It’s not spin if you believe it: 6 things to know for October 17
Israel media review

It’s not spin if you believe it: 6 things to know for October 17

PM has religious slates sign pledge never to join a Joint List-supported minority government with Blue and White and left-wing parties, which they were never considering anyway

Jacob Magid is the settlements correspondent for The Times of Israel.

Negev and Galilee Minister Aryeh Deri (left), Prime Minister Benjamin Netanyahu (center) and Health Minister Yaakov Litzman  at the weekly cabinet meeting in the Prime Minister's Office, Jerusalem, December 20, 2015. (Yonatan Sindel/Flash90)
Negev and Galilee Minister Aryeh Deri (left), Prime Minister Benjamin Netanyahu (center) and Health Minister Yaakov Litzman at the weekly cabinet meeting in the Prime Minister's Office, Jerusalem, December 20, 2015. (Yonatan Sindel/Flash90)

1. We don’t just write the news, we make it too: A top story leading the Netanyahu mouthpiece Israel Hayom daily is the pledge signed by religious slates not to join a Blue and White-Democratic Camp-Labor minority government with outside support from the Joint List and Yisrael Beytenu.

  • “A storm following the publication in Israel Hayom regarding the concern in Likud of a minority government of [Blue and White chairman Benny] Gantz with the support of [Yisrael Beytenu chairman Avigdor] Liberman and the Arab MKs,” reads the main story’s underline.
  • Gantz has never expressed the remotest interest in such a coalition, Liberman has repeatedly vowed that he is only down for a Likud-Blue and White-Yisrael Beytenu unity government, and the religious slates (Shas, United Torah Judaism, Jewish Home and National Union) are as far as ever on the political spectrum from the left-wing parties. But that doesn’t stop Netanyahu from pouncing on the opportunity conveniently provided to him by his favorite newspaper to focus the national conversation on the unlikely possibility of a Joint List-backed, Gantz-led minority coalition.
  • Those unwilling to play along are New Right MKs Naftali Bennett and Ayelet Shaked. While Netanyahu’s spokesman says the reason Bennett didn’t sign is because he’s in the US, Channel 13 reports moments later that he could’ve verbally approved the pledge over the phone if he really wanted, but the real reason Bennett didn’t is because he and Shaked think it’s “unnecessary.” The New Right leader himself had tweeted against the idea of a minority government just two hours before news of the latest loyalty pledge broke.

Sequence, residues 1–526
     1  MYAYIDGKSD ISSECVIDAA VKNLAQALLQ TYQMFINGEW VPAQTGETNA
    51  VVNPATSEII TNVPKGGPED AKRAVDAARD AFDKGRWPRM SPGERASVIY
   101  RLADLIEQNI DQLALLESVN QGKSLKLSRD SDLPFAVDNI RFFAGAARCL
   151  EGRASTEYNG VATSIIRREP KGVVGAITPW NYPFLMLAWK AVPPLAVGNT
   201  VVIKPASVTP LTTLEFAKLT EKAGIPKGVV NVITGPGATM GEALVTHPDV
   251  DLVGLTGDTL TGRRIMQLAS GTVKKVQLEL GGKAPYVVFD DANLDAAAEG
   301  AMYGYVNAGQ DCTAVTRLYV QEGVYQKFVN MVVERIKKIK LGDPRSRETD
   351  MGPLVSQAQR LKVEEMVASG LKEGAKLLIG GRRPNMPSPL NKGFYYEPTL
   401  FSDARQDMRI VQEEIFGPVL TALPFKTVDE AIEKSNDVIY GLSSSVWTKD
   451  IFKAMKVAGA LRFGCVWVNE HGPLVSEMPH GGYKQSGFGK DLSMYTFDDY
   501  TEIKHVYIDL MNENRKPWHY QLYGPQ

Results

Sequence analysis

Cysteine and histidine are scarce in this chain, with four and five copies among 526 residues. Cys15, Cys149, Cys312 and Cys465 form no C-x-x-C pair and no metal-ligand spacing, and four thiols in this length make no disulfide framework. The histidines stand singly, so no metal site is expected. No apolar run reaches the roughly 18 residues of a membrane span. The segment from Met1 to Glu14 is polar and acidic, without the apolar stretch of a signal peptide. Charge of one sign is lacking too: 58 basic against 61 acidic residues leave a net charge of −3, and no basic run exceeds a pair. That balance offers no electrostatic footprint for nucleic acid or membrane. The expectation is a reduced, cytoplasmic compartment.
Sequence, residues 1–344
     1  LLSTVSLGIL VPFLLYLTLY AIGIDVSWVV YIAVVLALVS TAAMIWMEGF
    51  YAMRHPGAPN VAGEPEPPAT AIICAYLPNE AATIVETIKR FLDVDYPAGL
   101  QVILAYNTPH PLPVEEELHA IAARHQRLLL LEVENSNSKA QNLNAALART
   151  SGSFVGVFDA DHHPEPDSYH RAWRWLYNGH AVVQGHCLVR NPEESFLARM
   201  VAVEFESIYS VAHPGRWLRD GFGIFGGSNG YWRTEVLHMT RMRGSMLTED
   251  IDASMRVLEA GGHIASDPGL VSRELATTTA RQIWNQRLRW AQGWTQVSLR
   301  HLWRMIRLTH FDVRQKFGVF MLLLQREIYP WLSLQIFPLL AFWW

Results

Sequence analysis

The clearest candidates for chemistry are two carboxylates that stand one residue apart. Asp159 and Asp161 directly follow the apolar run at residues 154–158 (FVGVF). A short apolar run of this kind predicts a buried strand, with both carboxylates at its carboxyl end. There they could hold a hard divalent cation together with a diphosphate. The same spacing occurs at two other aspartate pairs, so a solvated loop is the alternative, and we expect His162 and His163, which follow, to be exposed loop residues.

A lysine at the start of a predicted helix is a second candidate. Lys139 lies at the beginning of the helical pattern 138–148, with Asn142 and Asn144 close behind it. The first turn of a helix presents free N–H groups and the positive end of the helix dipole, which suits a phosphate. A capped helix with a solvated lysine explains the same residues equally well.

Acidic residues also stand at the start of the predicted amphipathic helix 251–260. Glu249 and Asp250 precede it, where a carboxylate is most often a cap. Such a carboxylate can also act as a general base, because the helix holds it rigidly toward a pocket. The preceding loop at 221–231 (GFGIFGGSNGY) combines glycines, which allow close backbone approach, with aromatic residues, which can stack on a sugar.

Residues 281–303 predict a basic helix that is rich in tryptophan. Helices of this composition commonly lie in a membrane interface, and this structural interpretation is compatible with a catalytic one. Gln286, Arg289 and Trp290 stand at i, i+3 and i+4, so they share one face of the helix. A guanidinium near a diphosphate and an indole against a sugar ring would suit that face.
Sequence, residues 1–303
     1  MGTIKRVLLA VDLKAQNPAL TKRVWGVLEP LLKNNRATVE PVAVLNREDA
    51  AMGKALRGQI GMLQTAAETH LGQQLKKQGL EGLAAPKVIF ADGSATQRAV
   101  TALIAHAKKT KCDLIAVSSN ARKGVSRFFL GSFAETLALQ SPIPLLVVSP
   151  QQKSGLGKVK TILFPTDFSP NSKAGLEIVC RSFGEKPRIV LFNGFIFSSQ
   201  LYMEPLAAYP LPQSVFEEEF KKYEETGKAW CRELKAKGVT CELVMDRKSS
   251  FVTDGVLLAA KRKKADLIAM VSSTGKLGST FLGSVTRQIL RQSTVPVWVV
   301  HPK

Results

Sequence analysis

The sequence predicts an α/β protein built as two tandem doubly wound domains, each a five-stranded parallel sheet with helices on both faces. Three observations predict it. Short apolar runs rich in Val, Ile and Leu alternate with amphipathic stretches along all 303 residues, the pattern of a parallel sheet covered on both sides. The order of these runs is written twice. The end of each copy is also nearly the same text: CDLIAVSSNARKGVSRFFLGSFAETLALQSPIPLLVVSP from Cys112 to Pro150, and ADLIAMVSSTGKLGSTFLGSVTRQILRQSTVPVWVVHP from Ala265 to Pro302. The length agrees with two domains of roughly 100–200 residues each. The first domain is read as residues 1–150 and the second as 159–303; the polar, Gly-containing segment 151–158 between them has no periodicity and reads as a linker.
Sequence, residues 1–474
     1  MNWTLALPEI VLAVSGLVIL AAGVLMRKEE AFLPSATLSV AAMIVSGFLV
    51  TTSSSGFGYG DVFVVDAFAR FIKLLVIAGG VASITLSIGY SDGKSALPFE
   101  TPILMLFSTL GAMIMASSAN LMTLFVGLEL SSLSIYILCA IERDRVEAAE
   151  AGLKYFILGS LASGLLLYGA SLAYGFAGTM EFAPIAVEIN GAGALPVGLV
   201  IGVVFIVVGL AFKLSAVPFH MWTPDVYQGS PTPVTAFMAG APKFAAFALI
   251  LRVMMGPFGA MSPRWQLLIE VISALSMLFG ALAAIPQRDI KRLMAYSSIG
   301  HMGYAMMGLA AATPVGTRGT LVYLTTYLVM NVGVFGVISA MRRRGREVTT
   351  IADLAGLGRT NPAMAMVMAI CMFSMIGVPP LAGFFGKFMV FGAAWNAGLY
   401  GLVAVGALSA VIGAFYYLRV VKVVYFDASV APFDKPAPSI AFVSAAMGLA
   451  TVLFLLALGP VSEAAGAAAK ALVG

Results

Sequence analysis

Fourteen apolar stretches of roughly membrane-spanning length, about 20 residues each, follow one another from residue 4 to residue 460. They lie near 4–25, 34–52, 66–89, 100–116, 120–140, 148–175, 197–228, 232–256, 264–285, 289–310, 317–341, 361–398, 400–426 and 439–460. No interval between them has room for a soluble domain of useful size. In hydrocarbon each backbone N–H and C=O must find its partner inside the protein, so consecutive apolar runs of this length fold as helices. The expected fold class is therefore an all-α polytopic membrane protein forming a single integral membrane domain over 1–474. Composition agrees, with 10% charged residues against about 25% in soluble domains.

• “There’s no reason to sign a new document every other week,” Shaked tells the Kan public broadcaster. The second clause in the pledge signed by the religious slates included another vow to only join a right-wing government led by Netanyahu.

2. “Don’t be a tough guy. Don’t be a fool!” Those words were written by the president of the United States in a letter the White House has released six days after the fact in which Donald Trump warns his Turkish counterpart Recep Tayyip Erdogan not to continue his invasion of northern Syria

  • While the language might have seemed… unusual to some, Republicans Overseas Israel chairman Mark Zell tells Army Radio that Americans like his matter-of-fact speaking style. “It’s true that he’s not an academic, a doctor, or a professor, but he is a businessman who does what he promises.”
  • Former US Ambassador to Israel Dan Shapiro points out: “Oh, by the way, the letter’s a week old. Erdogan laughed it off and sent the troops rolling in.”
  • Shapiro wasn’t too far off as Erdogan’s office confirms to BBC Turk that when he received Trump‘s letter, he “thoroughly rejected it, threw it in the bin” and launched the Syria operation the same day. 
  • The ex-Obama envoy goes on to imagine how the conversation between Netanyahu and Pompeo will go when the US secretary of state arrives in Israel later today for talks on Syria following the pullout of American soldiers and Turkey’s launching of a military offensive against Kurdish fighters.
  • Pompeo: “Mr. Prime Minister, but the Turks understand very clearly where the US stands.”
    Netanyahu: “I’ll be honest, Mike. I’m not sure the rest of the region understands where the US stands. The Kurds fought ISIS alongside the US. Now the President is comparing them *to* ISIS.”